Precipitation. Precipitation samples are collected as rain, etc. events occur. The precipitation collection unit is a 0.5 square meter area fiberglass collector draining into a five gallon plastic bucket that serves as a reservoir for the precipitation. A monthly composite sample is prepared in the laboratory from the samples received from the field stations. Also, a composite of the March, April and May monthly composites is analyzed.
Drinking Water. Drinking water samples are collected at the tap from water supplies serving major population centers. The tap selected should be one that is frequently used and provides water that has had no on-site treatment such as water softeners or filters. Drinking water has been sampled at a quarterly frequency since inception of the RadNet program in 1973.
Surface Water. Surface water was collected as a grab sample from a river, lake, or other body of water, generally downstream from a nuclear facility. The sampling site should be easily accessible during all seasons of the year. The physical nature of the site should be such that water can be collected from the main body of water (not stagnant areas) in a depth sufficient to prevent disturbing bottom sediment and incorporating it into the water sample. The surface water sampling program was terminated in March 1999, since it was redundant with state sampling programs around nuclear facilities.
Pasteurized Milk. Pasteurized milk samples are collected from dairy plants, which account for 80 percent of the milk consumption for a major population center. A gamma scan is performed monthly on individual samples, and analyses of some nuclides is performed annually on composite samples. The milk samples were taken monthly from 1973 to 1999. In March 1999, the sampling frequency was changed to quarterly.
The analytes are either a non-specific type of radiation (e.g., gross alpha) or a specific radionuclide (e.g., uranium-238). (For more information on radionuclides and radiation type, see the EPA radiation basics web pages.) Over the past three decades, EPA has continued to upgrade its analytical radiochemistry and sampling techniques to ensure the RadNet data base is an increasingly rich source of information.
Caution! When selecting a frequently analyzed nuclide/radiation type (e.g., gross beta) in combination with a large geographical area, frequently sampled medium, and the full date range, many thousands of records could result. The table below, Changes in the Radiochemistry Analysis and Analytical Frequency at Selected Time Intervals, summarizes the nuclides/radiation analyzed and the key changes that have taken place.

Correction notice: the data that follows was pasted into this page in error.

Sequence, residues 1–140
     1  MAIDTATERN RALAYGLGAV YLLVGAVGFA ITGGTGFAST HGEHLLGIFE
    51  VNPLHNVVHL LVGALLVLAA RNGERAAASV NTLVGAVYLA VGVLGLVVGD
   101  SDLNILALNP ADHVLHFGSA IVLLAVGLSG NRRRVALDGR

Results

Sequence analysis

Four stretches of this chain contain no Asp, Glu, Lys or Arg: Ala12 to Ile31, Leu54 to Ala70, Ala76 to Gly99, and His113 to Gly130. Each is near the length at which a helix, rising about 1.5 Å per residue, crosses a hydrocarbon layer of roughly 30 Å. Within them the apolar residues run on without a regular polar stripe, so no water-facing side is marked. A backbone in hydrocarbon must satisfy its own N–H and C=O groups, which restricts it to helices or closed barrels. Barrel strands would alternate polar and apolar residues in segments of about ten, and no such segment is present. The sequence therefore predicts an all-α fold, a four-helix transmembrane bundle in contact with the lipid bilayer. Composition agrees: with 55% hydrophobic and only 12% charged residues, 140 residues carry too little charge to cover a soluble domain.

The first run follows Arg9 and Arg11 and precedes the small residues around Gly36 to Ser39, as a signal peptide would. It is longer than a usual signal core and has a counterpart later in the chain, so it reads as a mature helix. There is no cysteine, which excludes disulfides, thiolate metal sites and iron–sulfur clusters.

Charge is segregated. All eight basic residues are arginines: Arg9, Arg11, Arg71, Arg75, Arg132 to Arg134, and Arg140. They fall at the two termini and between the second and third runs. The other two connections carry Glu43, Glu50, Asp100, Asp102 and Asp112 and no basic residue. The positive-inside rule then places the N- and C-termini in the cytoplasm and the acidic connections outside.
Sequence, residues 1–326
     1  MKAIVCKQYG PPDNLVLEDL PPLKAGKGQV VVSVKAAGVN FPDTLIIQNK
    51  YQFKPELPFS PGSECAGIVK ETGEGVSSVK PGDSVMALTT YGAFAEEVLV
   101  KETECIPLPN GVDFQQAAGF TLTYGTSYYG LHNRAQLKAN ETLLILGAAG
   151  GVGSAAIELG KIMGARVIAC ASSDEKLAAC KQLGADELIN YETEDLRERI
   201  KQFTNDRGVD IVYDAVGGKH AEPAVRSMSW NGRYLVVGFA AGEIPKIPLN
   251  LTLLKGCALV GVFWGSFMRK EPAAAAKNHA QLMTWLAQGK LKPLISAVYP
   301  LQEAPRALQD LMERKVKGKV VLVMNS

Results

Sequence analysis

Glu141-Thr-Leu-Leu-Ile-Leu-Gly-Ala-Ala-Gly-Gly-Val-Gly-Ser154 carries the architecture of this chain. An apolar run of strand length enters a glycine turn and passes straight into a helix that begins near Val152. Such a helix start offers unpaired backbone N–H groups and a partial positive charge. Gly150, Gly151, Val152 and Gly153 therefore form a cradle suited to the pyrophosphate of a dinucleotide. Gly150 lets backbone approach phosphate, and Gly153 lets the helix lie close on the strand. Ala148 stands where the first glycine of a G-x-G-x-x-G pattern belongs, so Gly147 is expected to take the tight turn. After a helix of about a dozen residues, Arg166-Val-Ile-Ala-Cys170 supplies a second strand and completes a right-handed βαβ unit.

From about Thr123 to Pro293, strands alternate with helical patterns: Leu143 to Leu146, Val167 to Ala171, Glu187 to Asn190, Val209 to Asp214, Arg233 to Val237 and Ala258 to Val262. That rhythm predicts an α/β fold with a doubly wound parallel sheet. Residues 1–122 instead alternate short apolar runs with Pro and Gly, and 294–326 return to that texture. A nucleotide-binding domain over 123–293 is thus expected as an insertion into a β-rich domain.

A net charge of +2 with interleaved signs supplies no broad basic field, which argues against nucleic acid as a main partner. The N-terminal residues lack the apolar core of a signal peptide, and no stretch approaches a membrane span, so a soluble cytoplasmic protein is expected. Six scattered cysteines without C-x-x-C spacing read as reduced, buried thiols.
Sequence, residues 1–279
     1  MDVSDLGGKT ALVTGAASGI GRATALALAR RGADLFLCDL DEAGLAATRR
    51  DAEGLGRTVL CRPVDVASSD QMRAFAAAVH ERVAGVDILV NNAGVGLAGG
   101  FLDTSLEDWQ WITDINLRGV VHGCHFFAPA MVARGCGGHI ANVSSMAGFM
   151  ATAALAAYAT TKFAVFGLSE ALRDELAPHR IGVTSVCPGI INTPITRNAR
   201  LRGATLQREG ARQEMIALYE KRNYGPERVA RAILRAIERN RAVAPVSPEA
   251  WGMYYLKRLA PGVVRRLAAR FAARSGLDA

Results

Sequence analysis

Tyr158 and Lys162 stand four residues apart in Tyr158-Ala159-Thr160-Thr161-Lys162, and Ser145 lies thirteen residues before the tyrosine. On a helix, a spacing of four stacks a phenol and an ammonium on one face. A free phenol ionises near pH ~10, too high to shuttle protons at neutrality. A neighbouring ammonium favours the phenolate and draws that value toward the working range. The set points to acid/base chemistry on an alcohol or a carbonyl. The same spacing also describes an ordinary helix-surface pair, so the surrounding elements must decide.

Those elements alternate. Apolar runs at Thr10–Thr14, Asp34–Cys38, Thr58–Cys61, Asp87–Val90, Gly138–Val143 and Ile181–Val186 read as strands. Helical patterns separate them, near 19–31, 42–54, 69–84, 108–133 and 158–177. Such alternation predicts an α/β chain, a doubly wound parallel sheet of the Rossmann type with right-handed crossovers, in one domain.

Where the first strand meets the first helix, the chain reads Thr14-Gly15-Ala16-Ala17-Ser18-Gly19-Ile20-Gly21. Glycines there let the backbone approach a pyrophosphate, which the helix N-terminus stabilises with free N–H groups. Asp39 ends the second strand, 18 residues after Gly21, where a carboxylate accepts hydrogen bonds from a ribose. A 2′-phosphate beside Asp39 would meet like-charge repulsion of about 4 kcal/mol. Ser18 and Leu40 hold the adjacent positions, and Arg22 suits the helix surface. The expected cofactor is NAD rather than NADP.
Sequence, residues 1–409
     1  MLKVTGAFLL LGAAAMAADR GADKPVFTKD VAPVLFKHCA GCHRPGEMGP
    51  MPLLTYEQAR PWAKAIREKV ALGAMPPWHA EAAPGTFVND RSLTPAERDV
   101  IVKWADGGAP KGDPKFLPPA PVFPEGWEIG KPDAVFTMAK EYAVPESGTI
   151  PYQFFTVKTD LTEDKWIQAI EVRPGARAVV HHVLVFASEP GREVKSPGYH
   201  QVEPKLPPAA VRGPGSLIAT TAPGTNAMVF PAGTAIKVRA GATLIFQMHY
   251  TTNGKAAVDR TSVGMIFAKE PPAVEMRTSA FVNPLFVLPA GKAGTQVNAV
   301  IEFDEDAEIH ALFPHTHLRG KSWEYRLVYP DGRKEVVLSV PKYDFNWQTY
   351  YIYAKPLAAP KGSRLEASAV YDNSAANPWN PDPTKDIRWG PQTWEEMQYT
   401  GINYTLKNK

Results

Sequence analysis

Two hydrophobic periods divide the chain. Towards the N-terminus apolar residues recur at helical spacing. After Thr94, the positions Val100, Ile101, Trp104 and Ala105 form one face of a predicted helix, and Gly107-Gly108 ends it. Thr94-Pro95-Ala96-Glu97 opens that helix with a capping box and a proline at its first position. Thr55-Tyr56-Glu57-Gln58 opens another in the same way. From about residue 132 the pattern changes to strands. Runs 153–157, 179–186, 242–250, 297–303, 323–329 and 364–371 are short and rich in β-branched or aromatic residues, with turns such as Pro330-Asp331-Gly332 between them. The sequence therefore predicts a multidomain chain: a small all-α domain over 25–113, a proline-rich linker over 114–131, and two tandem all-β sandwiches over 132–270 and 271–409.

The search form automatically uses the full RadNet sampling period (e.g., 1978 to the present) unless the user specifies otherwise. Because of changes in station location over time and the sporadic nature of some of the results (e.g., for nuclides that are only analyzed if gross beta exceeds a threshold), then most first time queries for a given location, medium, and nuclide/radiation combination should use this default range in order to capture the available data.
Caution! When selecting the full date range in combination with a large geographical area, a frequently sampled medium, and frequently analyzed nuclide/radiation type, many thousands of records could result. The table below, Changes in the Radiochemistry Analysis and Analytical Frequency at Selected Time Intervals, summarizes the key changes that have taken place over time.
Units of Measure
Radiation can be expressed in several different types of units, depending on the sample, the analyte, and other factors. The units used in this version of the RadNet data are picoCuries per liter (pCi/L), attocuries per cubic meter (aCi/m3), pCi per cubic meter (pCi/m3), grams per liter (g/L, which is used only for total potassium (K) and calcium (Ca)), and disintegrations per minute per gram of carbon (DPM/gC, which is only used to report the ratio of C-14/total C). The traditional U.S. unit of measure for radiation and the default output option for the Simple Query is pCi (either per L or m3 in this case). A pCi is equivalent to 3.7E-2 disintegrations per second (DPS). The International System (SI) unit of measure and the output option for the Simple Query is the becquerel (Bq; also either per L or m3). A Bq is equivalent to 1 DPS. Thus, 1 pCi equals 0.037 Bq. Results for non-radioactive elements (e.g., for potassium-40 and calcium in g/L) also are available.
RadNet Simple Query Report Output Fields:
Location is the city or cities in or near where the samples were taken. For surface water samples, the name of the surface water body is also provided. Monitoring stations for a given medium occasionally are moved within a city, and in the past these movements were not tracked. If a monitoring stations was moved to a new city in a state, a new location is provided. More information
The date the sample was collected. For air, the sample is taken over several days, and end of collection date is used to represent sampling date. For Strontium-90 in milk during the period 1960 through July 1978, sample specific collection dates were not published for routine samples. For data presentation purposes of this data, the individual or the composite sample for that month is assumed to be "collected" on the 15th of the month. For non-routine samples collected during 1976 and 1977 (i.e., increased sampling due to Chinese atmospheric nuclear weapons tests) specific collection dates are available and are used.